Happy Harbor - Behind the Counter, Behind the Wheel

Jay Bardyla of Happy Harbor Comics doesn't just think outside the rack. He thinks outside his store, outside his town, outside his country.

For the past two years, the Canadian retailer, 2007 winner of the Joe Shuster Awards' Harry Kremer Award for Outstanding Comic Book Retailer, has taken his customers outside the scenic river valley city of Edmonton, Alberta, 1,800-plus miles to Comic-Con International. His 2008 San Diego Land Cruise took 11 days and covered six U.S. states and a Canadian province.

Why jump from retailer to entertainment director on a cross-country bus trip? On a dare. A part-time employee told him that, as much as his customers always wanted to make the trek to Comic-Con, Happy Harbor should make it happen.

"It was about 5 years ago when he put that seed in my head," Bardyla said. "But about 3 years ago, I decided, let's give it a kick of the can." Bardyla got on the phone and started figuring costs.

Happy Harbor's service makes going to Comic-Con an easier affair. For about $1,700, Happy Harbor handles planning, check-ins, arrangements for passes and entertainment along the way. Bardyla says he doesn't organize the trip to try to gain customers or drum up business – he sees it as a service.

"It certainly was never done with the intention of trying to generate more customers," he said. "It was something cool we could do for our customers, and they could spread the word to their friends, and hopefully geeks can have a good time all around."

Bardyla said the trip continues to evolve, and the second year gave him an opportunity to avoid previous road blocks.

"The first year we went on the trip, I said, what are the cool things to do along the way? Unfortunately that ended up being a huge mistake," Bardyla said. The plan was to drive along the U.S. West Coast, but driving through the mountains and hitting the big cities at peak traffic times slowed the tour down. "By the time we got in and out of Seattle, we hit rush hour. So we got logjammed in Seattle. We were planning to go to the Cartoon Museum in San Francisco, but by the time we were approaching San Francisco, it was about 3 o'clock in the afternoon. To get to the museum, you have to get right into San Francisco, and the bus driver said, if we do this, we're not getting out of San Francisco tonight. There's no way, because the traffic is insane."

In 2008, Bardyla took a more direct route. Rather than planning to hit certain big stops, the bus made more small stops and added a two-day stay in Las Vegas.

"Overall, it became a better trip, and everyone had a great time. We'll keep offering up the trip year after year, and as long as it's viable, we'll run with it," he said. Bardyla is also making a splash closer to home. He's raised thousands of dollars toward literacy with his approach to the 24-Hour Comic Day, in which cartoonists stay overnight in a comic book store, attempting to create a complete comic book in 24 hours.

"Every year, if you want to participate at Happy Harbor, and you want to sit there for 24 hours and draw to your heart's content, you have to go out and raise money for the Literacy Foundation of Alberta, which is now called Literacy Alberta," Bardyla said.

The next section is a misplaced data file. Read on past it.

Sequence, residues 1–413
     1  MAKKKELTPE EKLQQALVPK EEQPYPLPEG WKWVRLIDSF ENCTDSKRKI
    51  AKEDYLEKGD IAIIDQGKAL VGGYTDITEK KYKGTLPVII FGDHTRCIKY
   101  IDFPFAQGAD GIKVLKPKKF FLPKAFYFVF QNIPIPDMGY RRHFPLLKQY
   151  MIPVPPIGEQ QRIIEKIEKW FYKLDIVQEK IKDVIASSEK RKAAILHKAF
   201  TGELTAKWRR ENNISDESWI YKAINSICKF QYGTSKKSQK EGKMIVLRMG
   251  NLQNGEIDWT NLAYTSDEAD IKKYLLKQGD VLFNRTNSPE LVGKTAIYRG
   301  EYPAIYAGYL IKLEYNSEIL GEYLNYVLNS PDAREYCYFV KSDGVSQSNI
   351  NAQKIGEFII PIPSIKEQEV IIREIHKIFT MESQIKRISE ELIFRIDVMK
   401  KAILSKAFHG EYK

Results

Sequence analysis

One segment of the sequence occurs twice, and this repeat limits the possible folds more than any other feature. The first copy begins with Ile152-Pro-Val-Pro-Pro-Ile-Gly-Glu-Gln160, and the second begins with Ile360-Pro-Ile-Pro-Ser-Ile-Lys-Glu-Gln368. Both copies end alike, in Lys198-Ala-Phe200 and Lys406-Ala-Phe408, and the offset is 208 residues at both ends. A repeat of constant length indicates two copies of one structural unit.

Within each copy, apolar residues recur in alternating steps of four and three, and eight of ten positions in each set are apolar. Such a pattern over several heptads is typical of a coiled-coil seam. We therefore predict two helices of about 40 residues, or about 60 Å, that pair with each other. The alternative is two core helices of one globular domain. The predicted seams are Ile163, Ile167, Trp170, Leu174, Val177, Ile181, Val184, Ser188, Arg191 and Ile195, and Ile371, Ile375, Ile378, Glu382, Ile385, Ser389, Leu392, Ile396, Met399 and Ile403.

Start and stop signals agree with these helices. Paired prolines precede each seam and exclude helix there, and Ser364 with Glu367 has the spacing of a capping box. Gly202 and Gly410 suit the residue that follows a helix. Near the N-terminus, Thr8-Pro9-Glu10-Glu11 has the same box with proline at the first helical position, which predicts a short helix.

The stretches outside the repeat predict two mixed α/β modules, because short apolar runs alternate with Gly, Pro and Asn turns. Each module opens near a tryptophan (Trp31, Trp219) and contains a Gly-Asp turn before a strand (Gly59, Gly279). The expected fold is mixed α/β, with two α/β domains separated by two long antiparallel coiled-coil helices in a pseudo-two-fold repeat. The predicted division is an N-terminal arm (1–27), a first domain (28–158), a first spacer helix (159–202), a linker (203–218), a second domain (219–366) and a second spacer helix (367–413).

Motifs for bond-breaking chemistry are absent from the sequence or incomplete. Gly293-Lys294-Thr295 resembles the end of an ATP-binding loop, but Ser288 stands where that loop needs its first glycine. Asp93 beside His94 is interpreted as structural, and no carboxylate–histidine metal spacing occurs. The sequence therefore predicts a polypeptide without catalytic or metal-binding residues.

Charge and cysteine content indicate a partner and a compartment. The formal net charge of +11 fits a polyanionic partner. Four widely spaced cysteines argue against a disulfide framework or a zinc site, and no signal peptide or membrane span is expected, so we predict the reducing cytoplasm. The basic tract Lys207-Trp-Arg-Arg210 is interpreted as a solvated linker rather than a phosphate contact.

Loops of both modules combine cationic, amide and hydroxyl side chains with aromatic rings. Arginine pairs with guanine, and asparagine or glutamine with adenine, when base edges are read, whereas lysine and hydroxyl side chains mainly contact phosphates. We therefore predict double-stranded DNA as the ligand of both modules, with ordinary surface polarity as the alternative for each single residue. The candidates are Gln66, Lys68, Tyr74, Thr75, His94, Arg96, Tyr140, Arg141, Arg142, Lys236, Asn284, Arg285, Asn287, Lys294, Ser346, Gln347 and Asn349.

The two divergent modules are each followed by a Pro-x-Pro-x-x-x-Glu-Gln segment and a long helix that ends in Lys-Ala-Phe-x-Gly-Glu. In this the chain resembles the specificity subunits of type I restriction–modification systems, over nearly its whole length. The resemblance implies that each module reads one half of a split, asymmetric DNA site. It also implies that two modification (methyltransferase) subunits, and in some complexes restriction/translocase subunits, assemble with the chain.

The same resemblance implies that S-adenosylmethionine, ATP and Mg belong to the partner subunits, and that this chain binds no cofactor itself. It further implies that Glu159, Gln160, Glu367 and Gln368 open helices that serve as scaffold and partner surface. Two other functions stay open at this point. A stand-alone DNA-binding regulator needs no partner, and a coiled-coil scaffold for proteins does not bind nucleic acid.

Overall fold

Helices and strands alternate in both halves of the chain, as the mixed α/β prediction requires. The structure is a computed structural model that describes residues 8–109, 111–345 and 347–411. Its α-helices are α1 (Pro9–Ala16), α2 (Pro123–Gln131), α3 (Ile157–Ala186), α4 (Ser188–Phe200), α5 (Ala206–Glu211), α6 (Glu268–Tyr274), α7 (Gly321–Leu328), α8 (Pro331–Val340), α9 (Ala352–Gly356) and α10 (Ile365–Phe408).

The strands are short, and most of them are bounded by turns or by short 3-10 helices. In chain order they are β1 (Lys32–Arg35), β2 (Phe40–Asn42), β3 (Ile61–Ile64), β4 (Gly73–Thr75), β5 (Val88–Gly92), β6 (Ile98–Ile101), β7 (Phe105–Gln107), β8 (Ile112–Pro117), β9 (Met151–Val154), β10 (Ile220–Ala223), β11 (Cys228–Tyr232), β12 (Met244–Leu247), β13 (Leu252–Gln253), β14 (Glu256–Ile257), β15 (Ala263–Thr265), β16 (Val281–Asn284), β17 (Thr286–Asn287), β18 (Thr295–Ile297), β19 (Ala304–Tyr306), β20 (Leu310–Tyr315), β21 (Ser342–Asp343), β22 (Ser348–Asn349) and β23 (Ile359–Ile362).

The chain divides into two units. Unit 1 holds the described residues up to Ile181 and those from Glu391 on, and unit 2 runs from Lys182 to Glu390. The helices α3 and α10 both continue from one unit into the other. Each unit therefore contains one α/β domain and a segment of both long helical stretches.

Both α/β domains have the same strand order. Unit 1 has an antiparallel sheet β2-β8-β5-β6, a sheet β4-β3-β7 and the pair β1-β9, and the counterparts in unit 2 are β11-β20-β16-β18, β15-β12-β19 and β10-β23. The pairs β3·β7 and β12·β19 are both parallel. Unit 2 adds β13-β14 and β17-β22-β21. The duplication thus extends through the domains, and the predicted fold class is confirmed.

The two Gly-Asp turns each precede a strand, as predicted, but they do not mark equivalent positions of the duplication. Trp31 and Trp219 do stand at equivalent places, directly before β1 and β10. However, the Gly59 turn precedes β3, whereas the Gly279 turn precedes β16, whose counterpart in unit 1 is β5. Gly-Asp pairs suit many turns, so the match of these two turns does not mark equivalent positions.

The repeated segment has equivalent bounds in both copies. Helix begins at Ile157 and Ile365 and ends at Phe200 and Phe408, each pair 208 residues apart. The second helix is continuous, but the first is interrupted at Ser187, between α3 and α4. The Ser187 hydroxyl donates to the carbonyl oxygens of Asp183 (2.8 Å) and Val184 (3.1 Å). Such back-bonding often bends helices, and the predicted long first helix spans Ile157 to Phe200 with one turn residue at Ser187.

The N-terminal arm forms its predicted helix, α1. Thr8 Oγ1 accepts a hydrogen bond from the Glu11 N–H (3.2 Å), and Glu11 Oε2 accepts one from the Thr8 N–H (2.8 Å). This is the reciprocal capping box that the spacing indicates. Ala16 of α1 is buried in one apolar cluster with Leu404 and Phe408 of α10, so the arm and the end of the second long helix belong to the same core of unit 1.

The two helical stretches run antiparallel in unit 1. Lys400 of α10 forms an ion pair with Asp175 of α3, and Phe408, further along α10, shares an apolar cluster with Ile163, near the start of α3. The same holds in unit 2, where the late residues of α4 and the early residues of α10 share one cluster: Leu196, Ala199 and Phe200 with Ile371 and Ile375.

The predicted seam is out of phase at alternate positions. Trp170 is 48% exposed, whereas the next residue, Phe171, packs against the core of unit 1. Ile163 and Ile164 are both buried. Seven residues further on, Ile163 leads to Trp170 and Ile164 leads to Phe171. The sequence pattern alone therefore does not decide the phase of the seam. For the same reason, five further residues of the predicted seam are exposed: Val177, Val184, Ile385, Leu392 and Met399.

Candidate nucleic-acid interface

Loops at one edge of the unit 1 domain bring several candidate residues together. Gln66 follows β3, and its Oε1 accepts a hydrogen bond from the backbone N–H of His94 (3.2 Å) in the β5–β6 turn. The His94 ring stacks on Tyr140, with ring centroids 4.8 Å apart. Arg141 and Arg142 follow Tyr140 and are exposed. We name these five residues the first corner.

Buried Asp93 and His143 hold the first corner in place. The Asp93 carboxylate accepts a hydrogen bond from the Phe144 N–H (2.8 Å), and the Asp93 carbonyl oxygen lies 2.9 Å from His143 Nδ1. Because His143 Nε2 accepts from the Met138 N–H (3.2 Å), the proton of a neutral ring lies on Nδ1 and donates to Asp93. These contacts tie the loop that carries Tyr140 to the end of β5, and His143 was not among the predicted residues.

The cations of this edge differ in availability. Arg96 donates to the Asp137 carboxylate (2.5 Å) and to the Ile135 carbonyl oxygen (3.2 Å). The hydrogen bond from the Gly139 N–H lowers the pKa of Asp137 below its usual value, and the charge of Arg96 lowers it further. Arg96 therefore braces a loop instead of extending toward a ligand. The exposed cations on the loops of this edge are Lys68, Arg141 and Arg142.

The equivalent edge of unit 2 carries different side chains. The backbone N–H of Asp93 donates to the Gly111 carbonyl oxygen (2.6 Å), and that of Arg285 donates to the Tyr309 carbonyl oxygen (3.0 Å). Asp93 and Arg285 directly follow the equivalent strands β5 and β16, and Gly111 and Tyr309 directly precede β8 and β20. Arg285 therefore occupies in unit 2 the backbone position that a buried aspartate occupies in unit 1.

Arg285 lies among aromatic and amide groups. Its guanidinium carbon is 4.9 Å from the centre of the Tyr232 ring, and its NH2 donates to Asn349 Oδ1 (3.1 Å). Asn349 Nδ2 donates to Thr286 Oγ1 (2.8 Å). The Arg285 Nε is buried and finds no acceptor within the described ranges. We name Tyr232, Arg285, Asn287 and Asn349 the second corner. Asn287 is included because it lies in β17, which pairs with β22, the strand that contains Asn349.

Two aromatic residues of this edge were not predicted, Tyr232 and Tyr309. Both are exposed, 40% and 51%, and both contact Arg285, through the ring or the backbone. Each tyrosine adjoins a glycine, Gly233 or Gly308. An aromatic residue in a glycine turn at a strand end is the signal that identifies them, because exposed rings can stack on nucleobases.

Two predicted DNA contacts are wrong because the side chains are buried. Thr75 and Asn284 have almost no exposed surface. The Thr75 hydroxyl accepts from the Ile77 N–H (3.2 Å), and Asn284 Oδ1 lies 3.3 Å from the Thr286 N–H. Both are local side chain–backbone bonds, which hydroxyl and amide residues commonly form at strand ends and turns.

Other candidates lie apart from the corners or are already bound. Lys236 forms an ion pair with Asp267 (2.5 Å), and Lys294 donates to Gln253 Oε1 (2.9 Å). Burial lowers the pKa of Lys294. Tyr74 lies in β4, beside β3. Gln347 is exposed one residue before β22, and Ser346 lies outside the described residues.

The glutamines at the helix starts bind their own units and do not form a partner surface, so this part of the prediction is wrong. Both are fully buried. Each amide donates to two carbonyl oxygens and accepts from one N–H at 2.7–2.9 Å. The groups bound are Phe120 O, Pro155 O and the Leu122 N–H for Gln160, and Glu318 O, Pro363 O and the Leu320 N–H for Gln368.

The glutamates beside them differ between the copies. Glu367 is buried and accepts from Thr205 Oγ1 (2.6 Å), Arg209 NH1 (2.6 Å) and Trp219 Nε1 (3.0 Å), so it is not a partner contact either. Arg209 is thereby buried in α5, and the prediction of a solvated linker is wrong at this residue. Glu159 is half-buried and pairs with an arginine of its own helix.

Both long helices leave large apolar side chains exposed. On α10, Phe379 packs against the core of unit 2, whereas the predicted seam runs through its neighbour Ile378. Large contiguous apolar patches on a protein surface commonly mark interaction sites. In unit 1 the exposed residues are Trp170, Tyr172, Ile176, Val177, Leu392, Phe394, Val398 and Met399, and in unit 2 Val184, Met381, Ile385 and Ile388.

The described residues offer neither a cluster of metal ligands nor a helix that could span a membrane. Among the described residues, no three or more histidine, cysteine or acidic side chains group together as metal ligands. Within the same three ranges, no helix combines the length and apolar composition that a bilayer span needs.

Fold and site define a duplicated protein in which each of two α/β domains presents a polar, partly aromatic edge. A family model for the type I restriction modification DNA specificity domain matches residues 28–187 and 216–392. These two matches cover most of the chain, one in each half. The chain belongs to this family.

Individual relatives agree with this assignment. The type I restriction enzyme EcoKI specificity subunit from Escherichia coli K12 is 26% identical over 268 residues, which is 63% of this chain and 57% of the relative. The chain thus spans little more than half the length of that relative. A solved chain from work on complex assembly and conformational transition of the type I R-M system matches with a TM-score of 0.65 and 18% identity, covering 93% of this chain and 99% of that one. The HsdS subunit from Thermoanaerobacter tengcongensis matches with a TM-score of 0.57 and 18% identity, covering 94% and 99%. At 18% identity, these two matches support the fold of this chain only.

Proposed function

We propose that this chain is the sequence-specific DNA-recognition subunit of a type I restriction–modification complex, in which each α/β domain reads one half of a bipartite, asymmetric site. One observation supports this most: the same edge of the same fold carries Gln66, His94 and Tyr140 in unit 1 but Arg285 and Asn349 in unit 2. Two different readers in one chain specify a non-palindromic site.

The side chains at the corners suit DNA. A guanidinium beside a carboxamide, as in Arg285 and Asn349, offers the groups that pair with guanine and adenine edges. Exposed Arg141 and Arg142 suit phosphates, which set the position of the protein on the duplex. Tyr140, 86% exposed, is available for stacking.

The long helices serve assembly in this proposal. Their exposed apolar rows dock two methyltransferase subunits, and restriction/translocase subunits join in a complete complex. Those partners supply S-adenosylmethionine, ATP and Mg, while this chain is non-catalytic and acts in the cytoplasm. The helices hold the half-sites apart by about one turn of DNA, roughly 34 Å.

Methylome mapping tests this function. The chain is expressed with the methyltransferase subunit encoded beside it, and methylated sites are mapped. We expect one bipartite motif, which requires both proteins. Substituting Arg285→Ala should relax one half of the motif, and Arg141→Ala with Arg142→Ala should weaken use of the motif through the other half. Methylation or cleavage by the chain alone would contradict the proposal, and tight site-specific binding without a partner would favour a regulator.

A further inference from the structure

How the participants raise the money is up to them, whether it be a page sponsorship, an hourly sponsorship, or just a flat rate. Bardlya said most participants line up multiple sponsors. And Bardyla's efforts to do something good outside the walls of his store haven't gone unrecognized. CTV, one of the major networks in Canada, approached Bardyla to film a 15-second public service announcement promoting 24-Hour Comic Day.

"It was great. You were watching Desperate Housewives, and all of a sudden you see the Happy Harbor logo on there, and you're just like, wow, I never thought I'd see my store having ad time on one of the biggest TV shows in North America," Bardyla said. "And through that, we raised $2,800 in 24 hours for literacy," he said.

"Pretty much all of us learned to read through comics, therefore, why can't we return the favor and help other people learn to read and get all joys and benefits out of it that we do? So that's a very strong motivator for people as well."

Bardlya shared several tips for other stores looking to sponsor big events. "The biggest tip is start far in advance. Inevitably, you'll always end up scrambling for stuff at the last minute, but the further away that you start planning and preparing, the less scrambling you'll do come event time," Bardyla said. "My second thing is, not necessarily get as many people as you can helping you, but get the right people helping you. … As the head organizer you should always be focused on the big stuff, and leave the little things to other people."

Bardyla says comic book stores should be aware of their greatest resource – their customers.

"You can never get to know your customers well enough. And once you learn who your customers are and what they do, you'll be amazed at the contacts that you'll build and the resources you have at your disposal," he said. "I can't do everything myself, and my customers appreciate the things I try to do for them and the community as a whole."

For more information about the Happy Harbor Land Cruise, visit

www.HappyHarborComics.com. To find out more about 24-Hour Comic Day,

visit http://www.24hourcomicsday.com.

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Matt Price is the co-owner of Speeding Bullet Comics (www.speedingbulletcomics.com) and blogs daily at Nerdage (http://blog.newsok.com/nerdage)

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